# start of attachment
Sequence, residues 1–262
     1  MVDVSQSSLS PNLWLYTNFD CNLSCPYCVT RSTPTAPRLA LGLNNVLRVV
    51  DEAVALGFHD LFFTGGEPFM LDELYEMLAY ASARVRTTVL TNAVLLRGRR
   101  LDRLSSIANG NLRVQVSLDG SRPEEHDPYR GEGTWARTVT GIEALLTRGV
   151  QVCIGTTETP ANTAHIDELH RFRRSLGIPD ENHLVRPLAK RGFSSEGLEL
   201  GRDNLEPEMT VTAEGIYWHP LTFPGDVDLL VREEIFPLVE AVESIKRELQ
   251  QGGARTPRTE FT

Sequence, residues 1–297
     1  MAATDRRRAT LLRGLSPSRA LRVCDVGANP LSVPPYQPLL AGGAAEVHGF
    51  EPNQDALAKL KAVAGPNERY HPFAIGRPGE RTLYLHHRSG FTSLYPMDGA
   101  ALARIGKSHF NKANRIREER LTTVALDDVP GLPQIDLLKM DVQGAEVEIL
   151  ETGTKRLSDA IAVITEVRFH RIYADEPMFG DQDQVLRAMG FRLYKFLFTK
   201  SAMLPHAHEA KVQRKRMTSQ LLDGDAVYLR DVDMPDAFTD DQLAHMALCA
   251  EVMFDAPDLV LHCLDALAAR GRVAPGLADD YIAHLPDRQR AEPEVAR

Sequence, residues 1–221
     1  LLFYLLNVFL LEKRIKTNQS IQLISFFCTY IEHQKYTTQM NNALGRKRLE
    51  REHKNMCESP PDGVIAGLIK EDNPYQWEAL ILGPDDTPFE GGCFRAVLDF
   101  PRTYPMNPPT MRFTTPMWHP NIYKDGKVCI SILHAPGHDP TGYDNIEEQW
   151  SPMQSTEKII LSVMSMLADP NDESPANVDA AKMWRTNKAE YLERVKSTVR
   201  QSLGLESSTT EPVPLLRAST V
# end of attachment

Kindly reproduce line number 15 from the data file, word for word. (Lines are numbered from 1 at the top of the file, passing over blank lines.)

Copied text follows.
Sequence, residues 1–221